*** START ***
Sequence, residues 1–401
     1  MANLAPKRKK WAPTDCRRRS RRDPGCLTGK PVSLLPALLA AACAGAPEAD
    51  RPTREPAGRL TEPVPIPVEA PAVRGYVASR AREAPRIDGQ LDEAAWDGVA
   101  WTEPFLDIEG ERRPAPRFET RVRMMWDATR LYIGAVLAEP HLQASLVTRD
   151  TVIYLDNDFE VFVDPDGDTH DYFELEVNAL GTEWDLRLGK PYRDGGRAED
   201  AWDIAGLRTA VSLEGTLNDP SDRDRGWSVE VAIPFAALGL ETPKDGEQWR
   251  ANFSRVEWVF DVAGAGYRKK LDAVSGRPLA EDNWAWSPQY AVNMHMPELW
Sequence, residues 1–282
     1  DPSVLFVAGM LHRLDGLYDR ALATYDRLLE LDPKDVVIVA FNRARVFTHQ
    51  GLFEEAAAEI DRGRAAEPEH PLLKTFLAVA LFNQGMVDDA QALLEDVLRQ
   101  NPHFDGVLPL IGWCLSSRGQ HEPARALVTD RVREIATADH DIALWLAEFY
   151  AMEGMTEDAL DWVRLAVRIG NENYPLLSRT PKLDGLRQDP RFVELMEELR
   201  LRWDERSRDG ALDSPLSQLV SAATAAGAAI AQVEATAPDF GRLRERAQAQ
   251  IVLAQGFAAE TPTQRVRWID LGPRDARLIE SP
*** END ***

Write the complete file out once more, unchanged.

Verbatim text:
Sequence, residues 1–401
     1  MANLAPKRKK WAPTDCRRRS RRDPGCLTGK PVSLLPALLA AACAGAPEAD
    51  RPTREPAGRL TEPVPIPVEA PAVRGYVASR AREAPRIDGQ LDEAAWDGVA
   101  WTEPFLDIEG ERRPAPRFET RVRMMWDATR LYIGAVLAEP HLQASLVTRD
   151  TVIYLDNDFE VFVDPDGDTH DYFELEVNAL GTEWDLRLGK PYRDGGRAED
   201  AWDIAGLRTA VSLEGTLNDP SDRDRGWSVE VAIPFAALGL ETPKDGEQWR
   251  ANFSRVEWVF DVAGAGYRKK LDAVSGRPLA EDNWAWSPQY AVNMHMPELW
Sequence, residues 1–282
     1  DPSVLFVAGM LHRLDGLYDR ALATYDRLLE LDPKDVVIVA FNRARVFTHQ
    51  GLFEEAAAEI DRGRAAEPEH PLLKTFLAVA LFNQGMVDDA QALLEDVLRQ
   101  NPHFDGVLPL IGWCLSSRGQ HEPARALVTD RVREIATADH DIALWLAEFY
   151  AMEGMTEDAL DWVRLAVRIG NENYPLLSRT PKLDGLRQDP RFVELMEELR
   201  LRWDERSRDG ALDSPLSQLV SAATAAGAAI AQVEATAPDF GRLRERAQAQ
   251  IVLAQGFAAE TPTQRVRWID LGPRDARLIE SP